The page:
Mississippi State Attorney General Lynn Fitch joined 21 other State Attorneys General in asking the Supreme Court of the United States to take the case, Gun Owners of America v. Merrick Garland, supporting important administrative law and Second Amendment principles.
“This case demonstrates the danger to fundamental freedoms when the federal executive branch applies an expansive interpretation of its authority,” said Attorney General Lynn Fitch. “The Court needs to clarify the appropriate boundaries of case law that refers to government agencies, and this is a good case for that discussion.”
The Bureau of Alcohol, Tobacco, Firearms and Explosives (ATF) Final Rule on Bump-Stock-Type Devices contravened federal law – as well as long standing ATF policy – when it read “machine guns,” which are banned by the National Firearms Act of 1934, to include commonly used semi-automatic firearms when used with bump-stock accessories. Bump stocks replace the standard stock of these firearms and assist the shooter in “bump firing,” which increases the rate of fire. They do not transform semi-automatic rifles into automatic machine guns. Owners of such accessories were informed that they must surrender or destroy their bump stocks to avoid criminal liability.
“This [agency] interpretation categorically expands the text of the criminal statute in a way that Congress couldn’t possibly have intended,” the States wrote in their brief. “And it expands criminal liability at the expense of Second Amendment rights, diminishing the latter absent a sufficient and compelling justification. When the ATF—or any agency—invades protected rights by interpreting statutes too broadly, this Court should step in.”
A panel of the United States Court of Appeals for the Sixth Circuit ruled against the ATF in March of last year, concluding that bump-stock accessories do not transform commonly used semi-automatic firearms into “machine guns” that are banned by the National Firearms Act of 1934. Upon rehearing en banc, the full Sixth Circuit Court allowed the ATF’s rule to stand after an even split on the court allowed it to issue an order affirming the district court.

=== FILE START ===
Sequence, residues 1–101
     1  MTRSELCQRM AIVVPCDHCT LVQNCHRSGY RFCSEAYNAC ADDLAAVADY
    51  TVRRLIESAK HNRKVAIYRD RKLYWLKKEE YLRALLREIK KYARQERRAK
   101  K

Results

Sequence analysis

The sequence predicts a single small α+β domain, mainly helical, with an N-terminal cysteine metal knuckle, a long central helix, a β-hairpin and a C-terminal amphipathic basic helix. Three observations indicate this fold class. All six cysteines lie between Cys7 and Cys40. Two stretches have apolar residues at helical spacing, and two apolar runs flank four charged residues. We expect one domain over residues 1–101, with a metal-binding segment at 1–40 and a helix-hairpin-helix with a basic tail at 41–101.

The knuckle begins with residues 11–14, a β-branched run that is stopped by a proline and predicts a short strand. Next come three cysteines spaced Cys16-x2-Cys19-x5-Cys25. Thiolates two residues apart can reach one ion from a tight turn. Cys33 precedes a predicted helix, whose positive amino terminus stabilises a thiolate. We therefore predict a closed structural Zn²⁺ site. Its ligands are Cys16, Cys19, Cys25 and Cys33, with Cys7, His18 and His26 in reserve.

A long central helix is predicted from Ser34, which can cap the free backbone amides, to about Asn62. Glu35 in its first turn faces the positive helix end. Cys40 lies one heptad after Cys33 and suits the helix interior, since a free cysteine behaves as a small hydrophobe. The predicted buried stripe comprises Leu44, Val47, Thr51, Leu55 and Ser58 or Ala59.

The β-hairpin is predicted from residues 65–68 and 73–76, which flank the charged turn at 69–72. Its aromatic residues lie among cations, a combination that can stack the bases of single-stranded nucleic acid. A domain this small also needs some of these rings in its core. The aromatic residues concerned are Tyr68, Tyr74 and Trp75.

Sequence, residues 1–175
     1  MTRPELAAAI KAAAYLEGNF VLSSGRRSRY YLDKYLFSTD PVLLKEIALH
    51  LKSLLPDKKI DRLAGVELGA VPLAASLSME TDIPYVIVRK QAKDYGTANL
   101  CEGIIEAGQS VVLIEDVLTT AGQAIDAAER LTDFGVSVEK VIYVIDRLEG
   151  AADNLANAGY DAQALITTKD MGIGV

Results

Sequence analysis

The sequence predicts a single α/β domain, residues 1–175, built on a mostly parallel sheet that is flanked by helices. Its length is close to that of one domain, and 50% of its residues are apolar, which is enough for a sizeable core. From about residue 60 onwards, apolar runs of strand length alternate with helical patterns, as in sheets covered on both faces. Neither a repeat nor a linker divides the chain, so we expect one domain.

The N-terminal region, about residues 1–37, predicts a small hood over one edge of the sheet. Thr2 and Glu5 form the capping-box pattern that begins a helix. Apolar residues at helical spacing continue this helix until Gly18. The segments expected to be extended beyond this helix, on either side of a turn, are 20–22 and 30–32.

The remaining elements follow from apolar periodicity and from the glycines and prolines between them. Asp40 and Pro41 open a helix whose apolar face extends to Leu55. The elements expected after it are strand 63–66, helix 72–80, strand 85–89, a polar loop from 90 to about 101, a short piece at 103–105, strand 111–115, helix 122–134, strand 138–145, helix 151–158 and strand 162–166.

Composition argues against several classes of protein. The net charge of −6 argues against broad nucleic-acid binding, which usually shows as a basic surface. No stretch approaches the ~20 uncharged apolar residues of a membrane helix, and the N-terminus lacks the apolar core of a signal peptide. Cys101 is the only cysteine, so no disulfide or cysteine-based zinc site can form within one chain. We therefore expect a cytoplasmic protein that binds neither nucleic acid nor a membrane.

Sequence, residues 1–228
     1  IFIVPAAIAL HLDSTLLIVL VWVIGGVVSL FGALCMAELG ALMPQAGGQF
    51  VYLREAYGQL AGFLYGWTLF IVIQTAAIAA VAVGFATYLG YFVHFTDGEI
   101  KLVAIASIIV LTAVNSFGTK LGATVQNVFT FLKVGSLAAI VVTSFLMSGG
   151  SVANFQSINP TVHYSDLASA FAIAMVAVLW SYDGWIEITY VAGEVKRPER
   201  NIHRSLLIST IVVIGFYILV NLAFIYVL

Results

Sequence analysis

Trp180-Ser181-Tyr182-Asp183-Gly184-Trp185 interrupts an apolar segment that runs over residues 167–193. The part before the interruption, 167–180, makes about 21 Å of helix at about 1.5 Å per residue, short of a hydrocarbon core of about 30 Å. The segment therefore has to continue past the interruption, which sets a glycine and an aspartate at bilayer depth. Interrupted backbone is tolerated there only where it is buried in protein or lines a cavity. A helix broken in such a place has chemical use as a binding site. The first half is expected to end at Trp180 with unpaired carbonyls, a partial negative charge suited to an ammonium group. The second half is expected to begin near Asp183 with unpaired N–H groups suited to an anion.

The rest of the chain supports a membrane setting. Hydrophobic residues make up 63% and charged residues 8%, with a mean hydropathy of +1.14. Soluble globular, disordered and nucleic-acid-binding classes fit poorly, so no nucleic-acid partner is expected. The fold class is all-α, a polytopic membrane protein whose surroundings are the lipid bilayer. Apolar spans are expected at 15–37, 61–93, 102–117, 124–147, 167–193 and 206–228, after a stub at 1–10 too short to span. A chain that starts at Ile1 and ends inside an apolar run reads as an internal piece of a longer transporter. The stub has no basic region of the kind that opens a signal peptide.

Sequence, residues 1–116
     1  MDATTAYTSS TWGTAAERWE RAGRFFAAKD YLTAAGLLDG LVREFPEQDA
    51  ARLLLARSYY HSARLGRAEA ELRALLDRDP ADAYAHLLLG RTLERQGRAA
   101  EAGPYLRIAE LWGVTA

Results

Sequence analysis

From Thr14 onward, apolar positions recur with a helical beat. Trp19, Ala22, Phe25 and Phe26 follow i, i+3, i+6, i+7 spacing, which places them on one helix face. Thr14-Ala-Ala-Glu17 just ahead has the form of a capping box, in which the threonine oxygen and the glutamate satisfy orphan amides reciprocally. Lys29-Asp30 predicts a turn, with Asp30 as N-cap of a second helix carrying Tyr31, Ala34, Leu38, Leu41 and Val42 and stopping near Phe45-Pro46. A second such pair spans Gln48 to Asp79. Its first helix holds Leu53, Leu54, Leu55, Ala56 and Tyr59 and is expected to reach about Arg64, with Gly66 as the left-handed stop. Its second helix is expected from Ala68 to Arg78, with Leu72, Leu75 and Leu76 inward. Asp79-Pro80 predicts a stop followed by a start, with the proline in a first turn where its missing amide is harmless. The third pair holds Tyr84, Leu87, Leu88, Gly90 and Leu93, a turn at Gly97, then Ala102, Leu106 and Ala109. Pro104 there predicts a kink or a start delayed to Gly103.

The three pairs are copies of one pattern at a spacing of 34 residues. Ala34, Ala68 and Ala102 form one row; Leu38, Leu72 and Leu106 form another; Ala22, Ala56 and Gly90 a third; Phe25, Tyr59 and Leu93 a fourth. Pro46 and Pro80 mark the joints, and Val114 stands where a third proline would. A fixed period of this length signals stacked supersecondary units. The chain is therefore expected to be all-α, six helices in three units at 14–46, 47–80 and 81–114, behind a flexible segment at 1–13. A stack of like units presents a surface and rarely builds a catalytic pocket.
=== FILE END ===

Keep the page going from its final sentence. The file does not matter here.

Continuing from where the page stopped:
“Actions like the ATF’s do not just violate important principles of administrative law. They also illustrate how the government can endanger fundamental rights through creeping, incremental, and seemingly benign regulatory depredations,” the brief states. “If Congress had wanted to categorically expand the NFA to cover semi automatic firearms that use a bump-stock accessory, it would—and must—have done so explicitly.”
Click here to read the full brief.
The coalition on this multistate brief included Attorneys General from Montana, West Virginia, Alabama, Alaska, Arizona, Arkansas, Idaho, Indiana, Kansas, Kentucky, Louisiana, Mississippi, Nebraska, New Hampshire, North Dakota, Ohio, Oklahoma, South Carolina, South Dakota, Texas, Utah, and Wyoming. Attorney General Fitch also joined an amicus brief when the case was heard en banc.